It had been forecast to rain, and most of us were prepared for it.
SADLY, I had nor prepared my stock for it.
During the first warming up shots in the rain the rifle got soaking wet.
Now I have an aluminum bedding block 1/8" thick shaped as a "U Channel" under the action, like a bedding block. And I THOUGHT that would be enough, normally, it is. At least for the rains we usually shoot in.
Not in this case.
The stock warped and I just could not find my zero.
But let's go back to the beginning of the day.
Apologies for the quality of the pictures, but I took my waterproof camera that is not as good, but much more survivable.
And don't pay attention to the date stamp, I re-programmed it after I remembered it but a few pictures got stamped.
We all looked like a bunch of wet puppies, LOL!
But the show had to go on and at the appointed hour, the horn sounded and everyone gathered to enter the shooting area.
This time the Marshalls did make it a point to mention that all the guns had to be laid down under the blue rope that marked the firing line.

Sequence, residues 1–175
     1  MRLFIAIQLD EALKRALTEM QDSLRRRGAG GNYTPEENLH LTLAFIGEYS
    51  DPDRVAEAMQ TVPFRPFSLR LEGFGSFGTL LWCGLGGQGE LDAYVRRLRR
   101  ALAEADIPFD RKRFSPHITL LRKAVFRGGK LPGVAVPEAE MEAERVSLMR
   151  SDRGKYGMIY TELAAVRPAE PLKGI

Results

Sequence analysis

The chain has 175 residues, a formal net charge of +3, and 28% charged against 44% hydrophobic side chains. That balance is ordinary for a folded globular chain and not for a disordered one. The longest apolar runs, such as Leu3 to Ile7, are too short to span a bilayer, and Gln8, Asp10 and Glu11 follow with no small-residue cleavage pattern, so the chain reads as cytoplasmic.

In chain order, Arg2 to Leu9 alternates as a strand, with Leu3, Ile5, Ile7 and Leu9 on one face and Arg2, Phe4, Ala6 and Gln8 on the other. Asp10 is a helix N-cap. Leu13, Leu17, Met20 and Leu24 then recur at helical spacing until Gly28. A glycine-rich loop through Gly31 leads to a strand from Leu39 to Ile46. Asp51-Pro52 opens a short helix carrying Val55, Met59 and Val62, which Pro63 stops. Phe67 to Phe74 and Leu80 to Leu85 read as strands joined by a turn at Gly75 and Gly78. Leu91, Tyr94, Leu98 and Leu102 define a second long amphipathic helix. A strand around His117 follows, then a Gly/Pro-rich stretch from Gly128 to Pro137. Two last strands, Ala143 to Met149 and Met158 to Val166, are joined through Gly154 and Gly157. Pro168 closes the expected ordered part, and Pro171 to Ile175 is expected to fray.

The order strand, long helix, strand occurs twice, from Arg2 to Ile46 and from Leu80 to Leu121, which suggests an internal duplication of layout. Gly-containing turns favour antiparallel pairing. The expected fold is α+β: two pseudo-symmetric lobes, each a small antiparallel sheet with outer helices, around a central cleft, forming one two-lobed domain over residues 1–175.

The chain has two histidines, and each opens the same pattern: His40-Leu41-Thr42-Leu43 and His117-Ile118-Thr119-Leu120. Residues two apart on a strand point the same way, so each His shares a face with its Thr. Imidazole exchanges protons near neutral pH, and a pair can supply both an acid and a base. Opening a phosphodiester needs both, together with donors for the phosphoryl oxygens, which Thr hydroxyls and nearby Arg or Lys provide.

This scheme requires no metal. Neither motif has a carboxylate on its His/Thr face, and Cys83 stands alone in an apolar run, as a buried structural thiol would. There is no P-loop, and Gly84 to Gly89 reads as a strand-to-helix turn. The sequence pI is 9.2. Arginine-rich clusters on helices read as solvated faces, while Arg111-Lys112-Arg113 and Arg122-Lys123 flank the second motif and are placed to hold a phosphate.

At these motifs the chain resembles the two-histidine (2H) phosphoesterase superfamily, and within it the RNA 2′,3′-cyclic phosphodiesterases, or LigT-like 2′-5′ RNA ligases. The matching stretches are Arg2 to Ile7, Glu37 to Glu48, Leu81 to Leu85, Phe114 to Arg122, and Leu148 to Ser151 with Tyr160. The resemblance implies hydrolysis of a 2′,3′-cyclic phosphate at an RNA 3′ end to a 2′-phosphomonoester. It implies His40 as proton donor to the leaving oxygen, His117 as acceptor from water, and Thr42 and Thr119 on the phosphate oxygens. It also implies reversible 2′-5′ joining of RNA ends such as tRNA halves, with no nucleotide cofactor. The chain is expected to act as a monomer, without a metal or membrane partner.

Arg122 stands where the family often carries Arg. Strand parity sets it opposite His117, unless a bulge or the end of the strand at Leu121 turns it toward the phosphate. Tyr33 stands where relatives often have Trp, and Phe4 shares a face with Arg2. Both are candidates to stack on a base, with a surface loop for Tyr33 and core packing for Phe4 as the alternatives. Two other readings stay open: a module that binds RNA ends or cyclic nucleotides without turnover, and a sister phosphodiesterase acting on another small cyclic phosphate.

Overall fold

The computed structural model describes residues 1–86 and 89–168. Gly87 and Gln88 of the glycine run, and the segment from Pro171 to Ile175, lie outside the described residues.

Though they forgot to mention that all targets should be brought up before leaving the lane. Again, some UK shooters complained about a fact that is not written in the rules and that is not a universal habit. What is more, in some countries shooters LIKE to bring up their own targets for two reasons:
1.- They get to locate them when it is confusing/there are many visible targets, AND
2.- they like the opportunity to gauge the wind.
But, along the shoot, a Marshall had to come along all the course telling this to all shooters.
Still, not a big deal, except for my partner, that shot at a laying down target and lost a point.
In the woods, the rain was not as horrible, nor the wind.
Some shooters simply decided to NOT shoot.
"Could, Would and Should" need to be used sparingly in our thoughts, and always in a planning mode, not in a lamentation mode.
The ONLY shot that matters is the one at hand.
And that is an important life lesson.
Keep well and shoot straight!